Some of the scowl lines eased and a smile slowly spread across his face. “I’ll stamp ‘Saul’s Seal of Approval’ all over it and get it right back to you.”
My stomach sent more warning signals. The voice inside my head said, What have I gotten myself into this time?
Each of these little bits of information was like a jigsaw puzzle piece. If I could find enough of them, they might fit into a complete picture. Blackmail meant money. Probably a constant stream of it. I rang Keys and said I needed help.
Her laughter bubbled over. “Here we are, three days into the case. I was wondering when I’d be called to duty. What shall I look for this time? The only thing is…I hope it’s not information about the Chagossian file. Not that it would stop me, but I casually mentioned Diego Garcia to the Commissioner, trying to glean some inside background. He made it clear I shouldn’t stir the pot on that issue. The island seems to be a sensitive topic in some quarters. The two-year window for finalizing the renewal of the lease, for another fifty years, is up at the end of this year, and a big kerfuffle is going on in London about the CIA using the base as a ‘black site’ for holding terrorist suspects with the British government’s knowledge. They don’t want the boat rocked right now.”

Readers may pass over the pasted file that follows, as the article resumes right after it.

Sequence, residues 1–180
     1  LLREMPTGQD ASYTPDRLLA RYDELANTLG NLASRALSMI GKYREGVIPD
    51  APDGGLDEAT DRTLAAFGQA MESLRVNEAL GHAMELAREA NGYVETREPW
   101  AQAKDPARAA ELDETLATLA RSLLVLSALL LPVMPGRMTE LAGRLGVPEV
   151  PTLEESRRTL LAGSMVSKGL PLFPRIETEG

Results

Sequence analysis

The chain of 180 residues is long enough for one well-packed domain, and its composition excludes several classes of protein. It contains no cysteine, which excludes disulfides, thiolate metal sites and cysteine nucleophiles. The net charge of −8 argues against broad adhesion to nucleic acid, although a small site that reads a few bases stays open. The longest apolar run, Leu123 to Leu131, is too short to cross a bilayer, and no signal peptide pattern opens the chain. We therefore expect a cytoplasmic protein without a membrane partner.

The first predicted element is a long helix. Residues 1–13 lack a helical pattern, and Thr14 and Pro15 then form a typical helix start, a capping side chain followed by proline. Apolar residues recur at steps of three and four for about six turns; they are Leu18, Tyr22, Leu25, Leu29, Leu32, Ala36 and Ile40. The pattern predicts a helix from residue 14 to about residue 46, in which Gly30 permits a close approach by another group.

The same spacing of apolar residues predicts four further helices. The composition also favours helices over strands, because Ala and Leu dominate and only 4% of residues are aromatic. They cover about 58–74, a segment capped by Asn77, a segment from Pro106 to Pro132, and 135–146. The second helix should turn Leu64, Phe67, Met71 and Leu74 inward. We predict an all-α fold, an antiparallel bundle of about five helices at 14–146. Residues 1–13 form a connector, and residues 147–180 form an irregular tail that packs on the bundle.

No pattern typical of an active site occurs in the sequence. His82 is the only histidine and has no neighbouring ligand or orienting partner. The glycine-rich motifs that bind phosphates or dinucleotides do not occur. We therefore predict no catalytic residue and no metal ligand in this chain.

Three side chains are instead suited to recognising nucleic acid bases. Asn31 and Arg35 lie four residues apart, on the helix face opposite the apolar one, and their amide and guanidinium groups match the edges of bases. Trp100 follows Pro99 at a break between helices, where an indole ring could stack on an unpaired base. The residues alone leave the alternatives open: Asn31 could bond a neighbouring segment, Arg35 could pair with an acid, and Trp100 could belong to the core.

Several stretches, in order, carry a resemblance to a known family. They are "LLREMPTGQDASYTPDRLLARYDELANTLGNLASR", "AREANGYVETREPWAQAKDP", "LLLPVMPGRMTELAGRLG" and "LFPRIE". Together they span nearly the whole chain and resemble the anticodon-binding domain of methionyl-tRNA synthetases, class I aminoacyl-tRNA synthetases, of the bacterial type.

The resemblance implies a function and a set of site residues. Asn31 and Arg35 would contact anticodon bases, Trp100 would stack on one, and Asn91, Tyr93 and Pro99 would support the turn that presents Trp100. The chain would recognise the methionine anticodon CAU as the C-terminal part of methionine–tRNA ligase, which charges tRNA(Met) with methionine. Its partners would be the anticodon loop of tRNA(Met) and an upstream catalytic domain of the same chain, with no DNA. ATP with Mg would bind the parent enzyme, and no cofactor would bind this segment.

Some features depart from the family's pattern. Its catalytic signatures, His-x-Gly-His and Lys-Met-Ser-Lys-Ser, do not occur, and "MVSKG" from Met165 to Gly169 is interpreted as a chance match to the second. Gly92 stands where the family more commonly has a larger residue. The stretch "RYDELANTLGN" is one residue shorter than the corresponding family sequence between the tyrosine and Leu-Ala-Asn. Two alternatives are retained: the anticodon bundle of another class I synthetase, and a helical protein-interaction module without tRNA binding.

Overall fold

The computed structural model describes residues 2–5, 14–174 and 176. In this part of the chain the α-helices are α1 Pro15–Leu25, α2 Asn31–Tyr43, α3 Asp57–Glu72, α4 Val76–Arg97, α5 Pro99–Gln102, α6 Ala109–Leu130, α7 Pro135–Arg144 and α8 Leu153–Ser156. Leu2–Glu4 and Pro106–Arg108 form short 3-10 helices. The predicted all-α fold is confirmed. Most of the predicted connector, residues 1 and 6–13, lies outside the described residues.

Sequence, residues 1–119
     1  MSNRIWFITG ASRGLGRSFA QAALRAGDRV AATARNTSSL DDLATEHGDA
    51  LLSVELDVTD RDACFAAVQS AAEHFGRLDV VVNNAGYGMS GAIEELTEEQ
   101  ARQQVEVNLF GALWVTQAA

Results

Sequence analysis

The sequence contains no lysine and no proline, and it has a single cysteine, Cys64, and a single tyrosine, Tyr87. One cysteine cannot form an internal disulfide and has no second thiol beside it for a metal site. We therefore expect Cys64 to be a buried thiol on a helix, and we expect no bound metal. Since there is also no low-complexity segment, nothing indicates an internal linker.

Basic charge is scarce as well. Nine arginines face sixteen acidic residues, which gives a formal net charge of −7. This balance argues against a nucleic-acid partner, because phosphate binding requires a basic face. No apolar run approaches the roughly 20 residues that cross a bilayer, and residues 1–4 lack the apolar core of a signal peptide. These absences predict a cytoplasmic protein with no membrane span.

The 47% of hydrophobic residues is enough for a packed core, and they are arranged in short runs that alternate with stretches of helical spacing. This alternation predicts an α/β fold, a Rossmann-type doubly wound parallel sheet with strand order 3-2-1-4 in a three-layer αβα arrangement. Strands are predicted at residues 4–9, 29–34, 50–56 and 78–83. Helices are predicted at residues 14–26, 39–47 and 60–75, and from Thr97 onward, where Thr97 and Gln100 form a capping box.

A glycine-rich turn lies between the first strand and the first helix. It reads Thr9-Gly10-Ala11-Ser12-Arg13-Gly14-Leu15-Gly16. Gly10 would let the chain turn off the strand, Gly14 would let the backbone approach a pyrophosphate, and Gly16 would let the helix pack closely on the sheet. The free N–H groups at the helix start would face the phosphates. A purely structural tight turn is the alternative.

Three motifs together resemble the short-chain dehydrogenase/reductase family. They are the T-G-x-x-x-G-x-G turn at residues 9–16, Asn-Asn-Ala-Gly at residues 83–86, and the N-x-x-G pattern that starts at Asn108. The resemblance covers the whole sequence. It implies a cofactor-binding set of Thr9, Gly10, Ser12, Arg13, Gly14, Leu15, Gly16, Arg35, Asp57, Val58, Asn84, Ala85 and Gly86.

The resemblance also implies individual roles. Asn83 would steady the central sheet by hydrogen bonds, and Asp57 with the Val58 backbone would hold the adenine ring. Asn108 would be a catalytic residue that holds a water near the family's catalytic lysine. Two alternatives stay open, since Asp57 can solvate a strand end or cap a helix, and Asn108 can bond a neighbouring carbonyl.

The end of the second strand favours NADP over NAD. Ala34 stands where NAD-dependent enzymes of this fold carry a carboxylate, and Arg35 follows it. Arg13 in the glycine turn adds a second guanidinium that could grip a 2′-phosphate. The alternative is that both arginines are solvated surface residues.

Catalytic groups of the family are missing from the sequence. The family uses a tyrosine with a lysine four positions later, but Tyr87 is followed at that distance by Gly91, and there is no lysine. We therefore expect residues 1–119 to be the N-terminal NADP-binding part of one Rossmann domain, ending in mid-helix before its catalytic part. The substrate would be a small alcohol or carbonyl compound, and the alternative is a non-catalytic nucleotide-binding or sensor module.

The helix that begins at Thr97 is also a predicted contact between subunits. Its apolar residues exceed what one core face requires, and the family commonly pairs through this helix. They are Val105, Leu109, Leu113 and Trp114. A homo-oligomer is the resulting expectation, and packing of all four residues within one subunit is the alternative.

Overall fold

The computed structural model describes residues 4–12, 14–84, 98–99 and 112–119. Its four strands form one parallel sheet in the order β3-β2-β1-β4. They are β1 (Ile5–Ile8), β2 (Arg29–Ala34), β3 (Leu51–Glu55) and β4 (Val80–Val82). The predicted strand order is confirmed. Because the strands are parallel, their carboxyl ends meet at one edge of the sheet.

“Interesting. No, I’m not calling about the island. You’ll live to hack for Queen and Country another day. Right now, I need bank account information.”
I gave her Elizabeth Vanier’s SIN. “She could be a blackmailer or a victim and there’s no way to discern if anyone else might be involved. Why play favourites? Add Peter, Julia, Tomlinson, and Colin Burgess, the lawyer to the list. Crap. Once again, it boils down to ‘follow the money.’ Altogether, a task to challenge even the greatest geek.”
“Sucking-up won’t get you the results any faster,” she said. “Banks are surprisingly hard to hack into, especially if you don’t want them to know you’ve been there.”
“So, I’ll have the results tomorrow morning, then?”
I thought she’d choke from laughing.